Following Henry IV's death, his son was crowned Henry V. Henry V would reignite the Hundred Years' War to a scale never before seen in history.

Why Did England and France Go to War?

The Hundred Years' War was a war between England and France. England and France fought over who would be the king of France. The war lasted from 1337 to 1453.

To understand the beginnings of this war, we can look all the way back to William the Conqueror, who became king of England in 1066. He united England with Normandy in France, and he ruled over both areas. Under a new king, Henry II, the lands that belonged to England and France expanded. By 1327, when England was under the rule of Edward III, England had lost control of most of their French lands. When the French king, Charles IV, died in 1328, he had no male heirs to the kingship. Charles' sister was Isabella, who was the mother of Edward III. Edward thought he should be king of France. However, Charles also had a cousin named Philip who thought he should be king.

The lands owned by Edward in France came under attacks by the French. Edward decided to declare he had a right to the French throne because of his relation to Isabella. In England, inheritance could be gained through the mother or the father's bloodline, but in France, it could only be gained by the father's bloodline.

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England and France At War

After a long hiatus, the Hundred Years' War would resume in 1415 thanks to the ambitions of the new English king, Henry V. Henry quickly proved to be a powerful strategic leader in the war, easily gaining control in Normandy. His most important victory occurred at the Battle of Agincourt. Here, Henry used his superior archers with their longbows to destroy the French cavalry and sow panic among the opposing army.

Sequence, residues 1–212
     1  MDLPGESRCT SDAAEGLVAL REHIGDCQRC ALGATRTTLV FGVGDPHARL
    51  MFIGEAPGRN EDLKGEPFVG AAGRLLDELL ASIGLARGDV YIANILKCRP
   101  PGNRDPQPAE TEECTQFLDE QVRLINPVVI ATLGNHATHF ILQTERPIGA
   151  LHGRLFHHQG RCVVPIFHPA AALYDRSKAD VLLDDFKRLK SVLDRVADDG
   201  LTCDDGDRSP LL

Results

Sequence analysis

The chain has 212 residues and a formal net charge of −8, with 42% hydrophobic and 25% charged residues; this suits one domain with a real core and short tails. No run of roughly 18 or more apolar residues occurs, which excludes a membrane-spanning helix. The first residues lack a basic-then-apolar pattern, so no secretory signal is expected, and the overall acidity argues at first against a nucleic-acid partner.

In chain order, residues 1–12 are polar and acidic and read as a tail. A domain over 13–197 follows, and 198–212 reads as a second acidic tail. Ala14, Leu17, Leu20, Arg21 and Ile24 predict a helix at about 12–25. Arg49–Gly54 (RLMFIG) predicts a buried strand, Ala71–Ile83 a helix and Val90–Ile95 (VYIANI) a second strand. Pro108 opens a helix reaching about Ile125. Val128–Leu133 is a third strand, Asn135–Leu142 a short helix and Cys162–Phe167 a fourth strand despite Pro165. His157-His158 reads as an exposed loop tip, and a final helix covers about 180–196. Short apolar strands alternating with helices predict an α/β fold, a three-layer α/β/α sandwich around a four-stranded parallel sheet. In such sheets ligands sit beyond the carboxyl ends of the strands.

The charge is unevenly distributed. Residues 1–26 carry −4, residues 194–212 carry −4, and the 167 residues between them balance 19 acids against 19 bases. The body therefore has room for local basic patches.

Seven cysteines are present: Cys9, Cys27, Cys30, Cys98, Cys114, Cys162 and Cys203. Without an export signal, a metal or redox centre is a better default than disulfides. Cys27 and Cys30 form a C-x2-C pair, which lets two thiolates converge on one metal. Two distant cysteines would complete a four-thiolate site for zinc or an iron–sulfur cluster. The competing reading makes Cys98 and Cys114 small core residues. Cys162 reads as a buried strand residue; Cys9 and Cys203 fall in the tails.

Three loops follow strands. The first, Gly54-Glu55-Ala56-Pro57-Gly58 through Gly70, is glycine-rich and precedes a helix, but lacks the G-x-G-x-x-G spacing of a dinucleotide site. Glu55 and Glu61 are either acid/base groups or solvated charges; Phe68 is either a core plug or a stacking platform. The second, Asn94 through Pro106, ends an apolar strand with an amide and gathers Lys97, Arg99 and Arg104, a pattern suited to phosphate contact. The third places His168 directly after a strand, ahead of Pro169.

After this battle, England gained a strong foothold in France once again. Following several other losses to the English, many French nobles began to consider surrendering. Henry V, more than any other English king, came close to realizing Edward III's dream of ruling both England and France. On May 21, 1420, the French agreed to the Treaty of Troyes, recognizing Henry V as heir to the French throne. This would allow him to marry Catherine, daughter of Charles V.

The English had effectively won the war; Henry V was at the height of his power and was set to be crowned king of both England and France. In addition, he would solidify the English claim to France with his new marriage and the birth of a new son (also named Henry). But this triumph would be short-lived. In 1422, Henry V died of dysentery at the age of 35. This would throw both kingdoms into turmoil, and the Hundred Years' War would continue for another 40 years.

Major Battles